Senior Planning Officer Career Profile
Meet Charlotte, an everyday hero working as a Senior Planning Officer at Bromsgrove and Reddich Councils.
Below Charlotte has shared her story to show what a career as a Planning Officer is like.
What's your role in a nutshell?
I make decisions on planning applications for new development – such as for new homes, extensions and industrial and agricultural buildings too. I check that they meet the criteria that’s set out in planning policies locally called Local Plans; these balance lots of things like design, environmental issues, employment and housing needs.
Was this a planned career or one you fell into?
Fell into! My degree is in Psychology, which is all about understanding people so it’s useful for lots of things. While at University I got a part time admin job at the council in Building Control and then after university I secured a fixed term contract in Planning Policy. planning. I really liked it so I pursued a full time role in Development Control and found I really enjoyed the planning applications work. I’m still working towards becoming “Chartered” (ie professionally qualified) through the RTPI, the Royal Town Planning Institute. As my degree is unrelated to planning, I need to have six years experience before I can apply for status.
Are you a doer, manager or leader?
Doer definitely. I look at applications, mostly on screen, using Google street view mapping, sometimes I get out to see the actual sites too. I have to balance all the issues and make recommendations to my manager. Some decisions get made by Councillors so again I write reports with my recommendations - for their local leadership.
What do you love best & love least about your job?
I love being kept on my toes; no two applications are the same. I enjoy problem solving and using my creativity to find the best solution. I love being able to shape the quality of building design through negotiation and strive to get the best result on the ground possible. That’s really important in listed and historic buildings where we want to keep the heritage, and in conservation areas too - so we don’t lose the special character of places.
What I love least is saying no to people, for example turning down a planning application in a rural area or the green belt where it’s not in line with planning policies. I also have to deal with people who are angry when an application is approved near where they live – it might meet the local policies but doesn’t mean they are always happy having something new built near them.
Do you need: Qualifications? University or apprenticeship or special skills?
Routes into planning are becoming far broader these days to attract the new, and much needed, people into the sector. Like me, with an unrelated degree it takes six years of on the job relevant experience before you can apply for RTPI status. Without a degree it’s possible too – but it takes ten years before you can apply for status and be qualified. It’s quite onerous, with a need to demonstrate how you meet the competencies, as well as essays on certain topics, at least there are no exams. Of course you can do a planning degree or post graduate degree as a more routine route in.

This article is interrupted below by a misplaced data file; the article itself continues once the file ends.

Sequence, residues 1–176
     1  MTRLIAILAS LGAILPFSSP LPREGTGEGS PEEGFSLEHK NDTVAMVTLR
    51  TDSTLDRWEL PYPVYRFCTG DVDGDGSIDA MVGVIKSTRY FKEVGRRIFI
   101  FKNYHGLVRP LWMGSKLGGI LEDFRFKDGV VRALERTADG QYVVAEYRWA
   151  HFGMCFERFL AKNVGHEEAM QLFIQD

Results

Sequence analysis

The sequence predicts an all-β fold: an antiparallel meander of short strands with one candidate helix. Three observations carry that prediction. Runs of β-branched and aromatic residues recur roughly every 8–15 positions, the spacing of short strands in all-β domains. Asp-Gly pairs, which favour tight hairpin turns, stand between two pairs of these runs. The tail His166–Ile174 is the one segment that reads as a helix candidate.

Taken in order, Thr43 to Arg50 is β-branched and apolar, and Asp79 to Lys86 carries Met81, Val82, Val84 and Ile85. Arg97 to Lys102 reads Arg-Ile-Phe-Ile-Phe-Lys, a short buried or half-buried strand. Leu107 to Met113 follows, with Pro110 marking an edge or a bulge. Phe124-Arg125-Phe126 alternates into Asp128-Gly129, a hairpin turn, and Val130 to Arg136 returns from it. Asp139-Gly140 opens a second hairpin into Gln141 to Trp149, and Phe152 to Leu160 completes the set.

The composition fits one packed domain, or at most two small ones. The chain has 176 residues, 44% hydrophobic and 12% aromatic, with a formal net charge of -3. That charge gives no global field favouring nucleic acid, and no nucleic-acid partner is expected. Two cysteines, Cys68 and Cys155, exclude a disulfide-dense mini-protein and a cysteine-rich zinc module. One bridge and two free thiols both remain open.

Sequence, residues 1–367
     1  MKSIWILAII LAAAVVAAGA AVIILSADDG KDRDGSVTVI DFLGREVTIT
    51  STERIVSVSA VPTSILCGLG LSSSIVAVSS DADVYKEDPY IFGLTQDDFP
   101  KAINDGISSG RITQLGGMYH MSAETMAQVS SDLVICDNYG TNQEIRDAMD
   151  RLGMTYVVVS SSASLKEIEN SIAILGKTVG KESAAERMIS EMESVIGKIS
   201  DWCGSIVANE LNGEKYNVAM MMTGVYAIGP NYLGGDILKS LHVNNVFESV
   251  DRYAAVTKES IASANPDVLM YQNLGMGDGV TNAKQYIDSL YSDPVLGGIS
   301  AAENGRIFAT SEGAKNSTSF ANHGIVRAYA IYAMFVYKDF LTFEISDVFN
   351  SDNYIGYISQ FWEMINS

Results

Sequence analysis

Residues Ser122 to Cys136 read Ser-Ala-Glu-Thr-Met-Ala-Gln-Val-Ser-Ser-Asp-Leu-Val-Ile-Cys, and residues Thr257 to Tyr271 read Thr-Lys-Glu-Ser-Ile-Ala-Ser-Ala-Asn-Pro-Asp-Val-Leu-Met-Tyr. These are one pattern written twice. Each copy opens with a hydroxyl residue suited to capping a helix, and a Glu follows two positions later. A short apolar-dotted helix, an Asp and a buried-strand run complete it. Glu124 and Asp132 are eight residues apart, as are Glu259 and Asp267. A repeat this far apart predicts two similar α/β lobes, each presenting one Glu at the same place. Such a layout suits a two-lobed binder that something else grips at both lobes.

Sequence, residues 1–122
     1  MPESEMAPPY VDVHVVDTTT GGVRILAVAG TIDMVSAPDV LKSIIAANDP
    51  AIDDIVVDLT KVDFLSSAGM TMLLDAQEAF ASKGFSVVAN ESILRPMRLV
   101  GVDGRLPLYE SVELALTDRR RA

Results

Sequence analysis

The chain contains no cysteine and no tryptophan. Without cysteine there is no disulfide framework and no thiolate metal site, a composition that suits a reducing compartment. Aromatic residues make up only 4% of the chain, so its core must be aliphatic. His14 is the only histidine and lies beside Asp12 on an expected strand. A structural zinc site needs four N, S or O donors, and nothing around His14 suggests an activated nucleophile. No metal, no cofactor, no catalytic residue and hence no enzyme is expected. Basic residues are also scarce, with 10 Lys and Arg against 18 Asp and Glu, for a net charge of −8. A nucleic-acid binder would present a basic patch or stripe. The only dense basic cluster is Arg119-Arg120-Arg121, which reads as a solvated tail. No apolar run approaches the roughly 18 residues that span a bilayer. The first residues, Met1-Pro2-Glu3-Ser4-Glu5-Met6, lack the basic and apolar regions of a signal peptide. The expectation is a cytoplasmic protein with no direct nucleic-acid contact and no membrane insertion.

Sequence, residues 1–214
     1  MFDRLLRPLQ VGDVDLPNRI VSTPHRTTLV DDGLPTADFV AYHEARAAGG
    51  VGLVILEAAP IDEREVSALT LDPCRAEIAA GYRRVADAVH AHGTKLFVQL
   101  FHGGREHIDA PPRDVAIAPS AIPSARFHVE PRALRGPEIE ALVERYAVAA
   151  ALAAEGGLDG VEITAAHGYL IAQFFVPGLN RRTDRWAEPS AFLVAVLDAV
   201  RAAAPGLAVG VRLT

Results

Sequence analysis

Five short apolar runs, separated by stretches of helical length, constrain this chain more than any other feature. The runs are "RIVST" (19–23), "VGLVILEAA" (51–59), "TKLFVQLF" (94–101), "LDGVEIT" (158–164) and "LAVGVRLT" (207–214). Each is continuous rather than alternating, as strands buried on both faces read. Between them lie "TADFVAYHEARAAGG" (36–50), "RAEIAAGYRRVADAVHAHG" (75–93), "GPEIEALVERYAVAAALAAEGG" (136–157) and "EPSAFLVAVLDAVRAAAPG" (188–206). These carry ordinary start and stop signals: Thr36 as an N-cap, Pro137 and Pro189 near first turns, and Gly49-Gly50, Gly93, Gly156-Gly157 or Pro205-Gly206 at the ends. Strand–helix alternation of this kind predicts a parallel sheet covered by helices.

Routine or variety?
More variety than routine, I’d get bored with too much routine! Every planning application is different but it’s about weighing up all the factors that needs to be considered before a decision can be made – that takes experience.
Some of the routine is about reporting on our speed of decisions, we are required to let government know how quickly we turn around applications – for minor applications (simpler ones) ones it’s up to 8 weeks and major applications it’s 13. These standards have been there for many years.
There’s lots of change too. More working from home means offices are being converted to housing and these no longer need the same detail of planning application as before – the government are keen that we progress these applications quickly.
Pay check or calling?
Calling. I’ve always wanted to make a difference in my work and in planning I can do that. It’s about creating developments that are positive for people’s day to day life – balancing social, economic and environmental issues. Making sure new homes are well designed and in the right places, these days that means near to public transport routes, I think the Covid-19 pandemic has made people appreciate their local environment and sense of community even more – planning helps create these.
Is there development support available or is it DIY?
My work is all about on the job training and learning through my colleagues, especially those more experienced. I’m building my confidence all the time to make the best decisions I can. The whole service has undergone a full ‘transformation’ review – this meant looking at all aspects as to how best we deliver the service for the customer, so that’s been really valuable learning.
Staying put or moving on?
Staying put. I want to become Chartered soon, that’s a lot of work. I feel like I’m still learning and growing. But there are routes to promotion in planning when I am fully qualified.
Can you share a life lesson or specific career advice?
Give it a go. Try work experience and find out what it’s like. Give it your full commitment. Hard work is always rewarded. Don’t worry if it’s not your chosen subject. I thought I was going to go into a clinical route after my degree. But actually I get to see the difference I make to people every day in planning. I’m not sure I’d get that same immediate impact working in mental health for example.
Charlotte, is an #EverydayHero, working to change and make better the lives of others and you can be an #EverydayHero too. Click here to find roles currently available within planning.